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Saturday, August 3, 2013

The World Bank and International Monetary Fund Voting System

The World Bank and International Monetary Fund voting system

Weighted voting system
Nations labeled as developed currently control approximately 52.81% of the World Bank and International Monetary Fund voting strength while having less than one-fourth of the world population by 2050.

Nations labeled as developed currently control approximately 52.81% of the World Bank and International Monetary Fund voting strength while having less than one-fourth of the world population by 2050.

The World Bank and International Monetary Fund voting system


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The World Bank and International Monetary Fund voting system is complex at best where the number of people in a country does not equal proportional representation of the average person.



Established in 1944, The World Bank began operations in 1946 headquartered in Washington, D.C. Lead by Jim Yong Kim since 2012, the Board of Executive Directors selects the President for a five-year, renewable term. The International Monetary Fund (IMF) and the World Bank differ from most public international organizations because they follow a weighted voting system.

Votes are held rarely, but are very important with the election of executive directors, special majorities, and adoption of decisions, to adjust quotas, establish a council, and allocate Special Drawing Rights.

The IMF initial assigning of votes is based on quotas related to economic criteria. These quotas or measures are based upon an exceedingly complex formula that takes into account relative economic strength factors of countries comparable in size and population with the gross domestic product, external reserves, and diversity of exports.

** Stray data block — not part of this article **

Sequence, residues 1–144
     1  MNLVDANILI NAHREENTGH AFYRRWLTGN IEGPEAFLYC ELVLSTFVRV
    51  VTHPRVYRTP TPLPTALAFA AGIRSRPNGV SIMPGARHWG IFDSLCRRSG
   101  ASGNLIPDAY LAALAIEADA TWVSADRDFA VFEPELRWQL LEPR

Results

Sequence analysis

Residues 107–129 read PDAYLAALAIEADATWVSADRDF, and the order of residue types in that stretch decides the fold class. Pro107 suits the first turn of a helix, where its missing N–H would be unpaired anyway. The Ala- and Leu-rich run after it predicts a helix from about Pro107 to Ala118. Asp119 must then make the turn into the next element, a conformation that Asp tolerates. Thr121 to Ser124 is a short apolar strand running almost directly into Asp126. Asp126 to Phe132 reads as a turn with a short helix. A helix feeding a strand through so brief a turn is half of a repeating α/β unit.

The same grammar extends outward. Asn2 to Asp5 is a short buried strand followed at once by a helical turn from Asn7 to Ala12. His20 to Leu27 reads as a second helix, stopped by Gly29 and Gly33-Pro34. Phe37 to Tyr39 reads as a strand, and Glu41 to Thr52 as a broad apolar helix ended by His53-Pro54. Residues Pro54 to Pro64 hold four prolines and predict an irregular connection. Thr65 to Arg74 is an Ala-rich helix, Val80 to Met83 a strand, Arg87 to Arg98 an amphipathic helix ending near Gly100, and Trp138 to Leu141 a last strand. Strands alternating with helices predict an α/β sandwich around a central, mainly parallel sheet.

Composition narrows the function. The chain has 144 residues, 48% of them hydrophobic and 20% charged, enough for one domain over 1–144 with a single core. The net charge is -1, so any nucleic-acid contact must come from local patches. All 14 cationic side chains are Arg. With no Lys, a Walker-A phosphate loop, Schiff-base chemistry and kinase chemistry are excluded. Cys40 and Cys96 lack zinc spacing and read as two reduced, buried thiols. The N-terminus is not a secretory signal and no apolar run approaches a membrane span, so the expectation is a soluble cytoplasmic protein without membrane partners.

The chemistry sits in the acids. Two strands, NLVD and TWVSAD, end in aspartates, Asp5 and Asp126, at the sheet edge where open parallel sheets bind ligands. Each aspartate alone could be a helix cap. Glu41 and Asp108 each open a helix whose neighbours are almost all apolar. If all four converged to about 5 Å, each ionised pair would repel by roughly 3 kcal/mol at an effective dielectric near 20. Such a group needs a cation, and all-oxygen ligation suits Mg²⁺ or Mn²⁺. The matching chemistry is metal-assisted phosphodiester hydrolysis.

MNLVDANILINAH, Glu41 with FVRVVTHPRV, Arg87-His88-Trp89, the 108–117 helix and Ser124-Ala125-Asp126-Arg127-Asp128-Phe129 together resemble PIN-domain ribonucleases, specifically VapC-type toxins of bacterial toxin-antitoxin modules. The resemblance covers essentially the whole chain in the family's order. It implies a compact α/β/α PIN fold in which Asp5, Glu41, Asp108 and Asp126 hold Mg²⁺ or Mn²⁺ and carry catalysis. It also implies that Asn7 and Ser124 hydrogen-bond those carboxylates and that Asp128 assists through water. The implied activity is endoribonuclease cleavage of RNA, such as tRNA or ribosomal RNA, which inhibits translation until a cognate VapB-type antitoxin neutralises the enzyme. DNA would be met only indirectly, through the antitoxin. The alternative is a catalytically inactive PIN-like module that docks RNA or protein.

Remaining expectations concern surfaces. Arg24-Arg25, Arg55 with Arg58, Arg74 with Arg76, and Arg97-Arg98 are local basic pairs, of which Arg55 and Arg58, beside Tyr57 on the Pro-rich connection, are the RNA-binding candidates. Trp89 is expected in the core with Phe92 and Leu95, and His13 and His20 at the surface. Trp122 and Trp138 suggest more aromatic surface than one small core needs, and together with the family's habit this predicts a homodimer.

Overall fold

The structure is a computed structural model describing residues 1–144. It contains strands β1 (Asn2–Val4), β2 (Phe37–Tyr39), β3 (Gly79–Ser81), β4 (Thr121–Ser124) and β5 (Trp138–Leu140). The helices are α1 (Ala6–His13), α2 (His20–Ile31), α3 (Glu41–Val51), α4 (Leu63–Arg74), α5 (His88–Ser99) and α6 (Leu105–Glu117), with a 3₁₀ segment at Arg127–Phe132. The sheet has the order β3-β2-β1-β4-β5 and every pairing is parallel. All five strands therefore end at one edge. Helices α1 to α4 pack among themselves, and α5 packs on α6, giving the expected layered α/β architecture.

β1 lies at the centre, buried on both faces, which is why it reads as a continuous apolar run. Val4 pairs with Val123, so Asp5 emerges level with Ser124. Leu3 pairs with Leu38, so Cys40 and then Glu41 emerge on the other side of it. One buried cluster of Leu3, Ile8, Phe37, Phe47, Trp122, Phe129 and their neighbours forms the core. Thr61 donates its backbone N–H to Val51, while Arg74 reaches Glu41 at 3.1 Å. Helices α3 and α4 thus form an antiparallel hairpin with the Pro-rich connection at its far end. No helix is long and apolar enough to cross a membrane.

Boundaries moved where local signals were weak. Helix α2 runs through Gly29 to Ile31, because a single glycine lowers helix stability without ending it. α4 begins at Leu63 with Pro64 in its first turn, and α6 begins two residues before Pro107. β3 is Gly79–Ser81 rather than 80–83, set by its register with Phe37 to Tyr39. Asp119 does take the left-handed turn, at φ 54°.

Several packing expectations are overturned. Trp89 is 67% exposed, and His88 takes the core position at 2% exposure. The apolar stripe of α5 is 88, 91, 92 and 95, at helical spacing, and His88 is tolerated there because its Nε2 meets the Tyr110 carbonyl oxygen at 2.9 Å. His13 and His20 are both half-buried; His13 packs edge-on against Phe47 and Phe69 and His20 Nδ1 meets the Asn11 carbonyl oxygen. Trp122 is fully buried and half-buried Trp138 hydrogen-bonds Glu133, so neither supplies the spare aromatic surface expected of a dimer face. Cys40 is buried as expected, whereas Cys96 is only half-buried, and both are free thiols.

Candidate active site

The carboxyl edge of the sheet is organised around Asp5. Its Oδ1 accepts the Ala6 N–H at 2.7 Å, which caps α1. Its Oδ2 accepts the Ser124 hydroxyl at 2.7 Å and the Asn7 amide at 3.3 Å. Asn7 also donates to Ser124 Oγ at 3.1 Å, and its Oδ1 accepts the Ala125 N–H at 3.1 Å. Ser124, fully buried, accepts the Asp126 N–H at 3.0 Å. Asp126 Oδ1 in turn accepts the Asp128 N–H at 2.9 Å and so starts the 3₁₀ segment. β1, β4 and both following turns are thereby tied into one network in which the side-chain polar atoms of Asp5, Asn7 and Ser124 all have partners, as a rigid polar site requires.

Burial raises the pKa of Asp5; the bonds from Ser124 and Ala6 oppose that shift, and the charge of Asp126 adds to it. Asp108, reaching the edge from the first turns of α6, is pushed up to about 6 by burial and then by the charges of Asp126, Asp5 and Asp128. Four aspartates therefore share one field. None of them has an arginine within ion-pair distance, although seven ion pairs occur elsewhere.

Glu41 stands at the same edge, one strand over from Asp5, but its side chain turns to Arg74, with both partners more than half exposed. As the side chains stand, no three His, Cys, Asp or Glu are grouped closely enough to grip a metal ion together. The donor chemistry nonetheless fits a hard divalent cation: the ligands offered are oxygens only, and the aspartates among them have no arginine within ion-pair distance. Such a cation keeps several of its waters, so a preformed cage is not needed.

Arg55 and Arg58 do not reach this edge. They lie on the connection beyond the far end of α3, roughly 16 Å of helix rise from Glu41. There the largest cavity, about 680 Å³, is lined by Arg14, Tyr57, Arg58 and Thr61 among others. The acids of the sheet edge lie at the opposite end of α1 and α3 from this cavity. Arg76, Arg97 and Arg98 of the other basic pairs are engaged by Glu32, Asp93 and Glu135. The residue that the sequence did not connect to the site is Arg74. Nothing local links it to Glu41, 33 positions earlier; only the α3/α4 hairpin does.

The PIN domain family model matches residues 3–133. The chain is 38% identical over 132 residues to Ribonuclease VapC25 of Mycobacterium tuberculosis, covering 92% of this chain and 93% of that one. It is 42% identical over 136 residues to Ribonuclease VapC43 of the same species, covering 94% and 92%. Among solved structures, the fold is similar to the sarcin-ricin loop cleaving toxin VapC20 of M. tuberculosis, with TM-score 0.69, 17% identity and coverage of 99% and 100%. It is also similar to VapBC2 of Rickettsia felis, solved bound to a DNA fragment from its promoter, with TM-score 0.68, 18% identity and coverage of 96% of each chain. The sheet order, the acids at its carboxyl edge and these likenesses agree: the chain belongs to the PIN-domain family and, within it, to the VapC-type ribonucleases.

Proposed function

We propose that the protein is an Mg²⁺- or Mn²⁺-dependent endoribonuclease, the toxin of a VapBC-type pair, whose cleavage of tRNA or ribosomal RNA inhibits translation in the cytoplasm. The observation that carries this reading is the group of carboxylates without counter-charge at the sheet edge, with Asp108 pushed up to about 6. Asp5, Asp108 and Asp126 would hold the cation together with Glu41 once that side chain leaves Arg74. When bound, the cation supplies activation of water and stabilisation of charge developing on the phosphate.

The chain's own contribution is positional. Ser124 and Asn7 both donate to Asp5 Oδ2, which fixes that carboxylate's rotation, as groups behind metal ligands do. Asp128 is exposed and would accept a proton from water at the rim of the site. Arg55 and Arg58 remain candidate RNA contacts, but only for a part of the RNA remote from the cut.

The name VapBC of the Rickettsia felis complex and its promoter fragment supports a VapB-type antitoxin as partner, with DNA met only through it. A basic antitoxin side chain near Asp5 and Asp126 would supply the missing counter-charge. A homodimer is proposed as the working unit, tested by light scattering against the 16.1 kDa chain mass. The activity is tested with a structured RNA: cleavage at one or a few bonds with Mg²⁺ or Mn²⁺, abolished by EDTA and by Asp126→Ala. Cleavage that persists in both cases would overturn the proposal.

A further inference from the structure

The IMF gives each country 250 basic votes, with a weighted voting of one additional vote for each part of a nation's economic quota or measure equivalent to US$100,000 Special Drawing Rights international reserve asset which was created by the IMF in 1969 to supplement a member country official reserves. The outcome of the economic formula given by the IMF is used to determine the number of shares allotted to each new member country of the bank.

The World Bank has a weighted voting system similar to the IMF. Each member has 250 basic votes plus 1 additional vote for each share of capital equivalent to US $100,000 subscribed. The World Bank based each member's quota on IMF quotas.

Many developing countries interests are not sufficiently voiced despite the April 2010 increase in voting power for developing countries, to 47.19% for International Bank for Reconstruction and Development (IBRD). Since the World Bank bases each member's quota on IMF quotas a change in the IMF quotas would better suit actual transform.

A better solution could be to enlarge the executive boards allowing more representatives of the developing countries. This will allow a louder voice to be heard from the developing countries throughout the world. The developed nations currently control approximately 52.81% of the voting strength while having less than one-fourth of the world population by 2050.

This results in disproportionate representation that is not truly in the interest of the developing countries. International Bank for Reconstruction and Development (IBRD) voting power of African member countries, each country is it's own voting entity unless in a voluntary strategic voting group with other members is formed.


Did you know?
Africa is expected to have 25% of the world's population by 2050

Africa is expected to have 25% of the world's population by 2050
Each member country has 250 basic votes plus 1 additional vote for each share of capital equivalent to US $100,000 subscribed.

Data current as of November 28, 2014.

Each member country has 250 basic votes plus 1 additional vote for each share of capital equivalent to US $100,000 subscribed.
Each member country has 250 basic votes plus 1 additional vote
for each share of capital equivalent to US $100,000 subscribed. 




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